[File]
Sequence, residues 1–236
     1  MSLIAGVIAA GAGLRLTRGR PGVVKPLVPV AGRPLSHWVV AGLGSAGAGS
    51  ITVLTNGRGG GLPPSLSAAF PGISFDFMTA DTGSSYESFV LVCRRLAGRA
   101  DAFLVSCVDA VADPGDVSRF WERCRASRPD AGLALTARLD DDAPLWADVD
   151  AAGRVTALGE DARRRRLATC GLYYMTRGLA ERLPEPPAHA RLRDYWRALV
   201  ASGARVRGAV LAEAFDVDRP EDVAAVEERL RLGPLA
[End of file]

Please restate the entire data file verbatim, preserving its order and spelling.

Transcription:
Sequence, residues 1–236
     1  MSLIAGVIAA GAGLRLTRGR PGVVKPLVPV AGRPLSHWVV AGLGSAGAGS
    51  ITVLTNGRGG GLPPSLSAAF PGISFDFMTA DTGSSYESFV LVCRRLAGRA
   101  DAFLVSCVDA VADPGDVSRF WERCRASRPD AGLALTARLD DDAPLWADVD
   151  AAGRVTALGE DARRRRLATC GLYYMTRGLA ERLPEPPAHA RLRDYWRALV
   201  ASGARVRGAV LAEAFDVDRP EDVAAVEERL RLGPLA